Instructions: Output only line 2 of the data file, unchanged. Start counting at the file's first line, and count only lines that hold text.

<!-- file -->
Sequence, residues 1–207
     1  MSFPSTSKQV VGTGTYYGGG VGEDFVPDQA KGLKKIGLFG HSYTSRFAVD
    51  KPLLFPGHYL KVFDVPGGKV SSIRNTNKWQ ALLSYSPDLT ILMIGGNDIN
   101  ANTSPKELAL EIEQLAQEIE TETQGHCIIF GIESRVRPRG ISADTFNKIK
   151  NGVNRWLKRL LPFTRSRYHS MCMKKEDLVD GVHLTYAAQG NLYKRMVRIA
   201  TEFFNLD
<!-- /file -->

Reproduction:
     1  MSFPSTSKQV VGTGTYYGGG VGEDFVPDQA KGLKKIGLFG HSYTSRFAVD